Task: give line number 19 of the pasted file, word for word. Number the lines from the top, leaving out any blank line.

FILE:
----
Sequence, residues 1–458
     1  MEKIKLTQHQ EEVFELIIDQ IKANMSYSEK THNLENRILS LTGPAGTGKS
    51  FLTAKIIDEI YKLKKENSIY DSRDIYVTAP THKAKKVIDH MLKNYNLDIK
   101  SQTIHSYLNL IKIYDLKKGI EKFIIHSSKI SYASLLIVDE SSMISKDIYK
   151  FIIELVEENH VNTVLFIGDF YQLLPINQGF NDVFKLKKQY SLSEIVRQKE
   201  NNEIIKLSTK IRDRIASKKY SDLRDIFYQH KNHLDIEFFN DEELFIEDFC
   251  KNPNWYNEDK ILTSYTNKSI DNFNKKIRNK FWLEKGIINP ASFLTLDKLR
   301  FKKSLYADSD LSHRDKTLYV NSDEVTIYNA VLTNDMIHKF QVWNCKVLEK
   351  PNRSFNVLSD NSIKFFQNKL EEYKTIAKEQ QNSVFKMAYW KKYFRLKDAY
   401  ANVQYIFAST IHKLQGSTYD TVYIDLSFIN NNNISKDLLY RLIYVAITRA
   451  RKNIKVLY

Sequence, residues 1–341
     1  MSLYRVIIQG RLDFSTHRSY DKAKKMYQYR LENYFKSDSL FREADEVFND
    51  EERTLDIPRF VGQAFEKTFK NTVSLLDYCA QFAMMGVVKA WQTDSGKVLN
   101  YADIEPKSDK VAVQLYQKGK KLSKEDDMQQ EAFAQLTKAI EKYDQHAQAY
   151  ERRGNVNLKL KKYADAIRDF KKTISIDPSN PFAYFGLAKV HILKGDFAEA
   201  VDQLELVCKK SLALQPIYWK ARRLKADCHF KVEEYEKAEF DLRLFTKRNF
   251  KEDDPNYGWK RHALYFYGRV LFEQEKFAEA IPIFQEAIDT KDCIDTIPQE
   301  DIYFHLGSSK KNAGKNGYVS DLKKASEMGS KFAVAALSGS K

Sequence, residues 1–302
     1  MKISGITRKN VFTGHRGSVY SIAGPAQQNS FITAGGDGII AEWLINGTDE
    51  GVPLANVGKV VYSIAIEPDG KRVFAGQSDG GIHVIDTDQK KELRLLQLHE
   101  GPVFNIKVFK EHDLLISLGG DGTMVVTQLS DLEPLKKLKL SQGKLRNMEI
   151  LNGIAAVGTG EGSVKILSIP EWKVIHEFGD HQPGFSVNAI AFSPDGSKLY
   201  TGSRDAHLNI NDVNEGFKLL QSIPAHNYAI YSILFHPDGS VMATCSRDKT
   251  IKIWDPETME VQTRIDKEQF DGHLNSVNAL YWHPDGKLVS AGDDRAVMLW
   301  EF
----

   301  DIYFHLGSSK KNAGKNGYVS DLKKASEMGS KFAVAALSGS K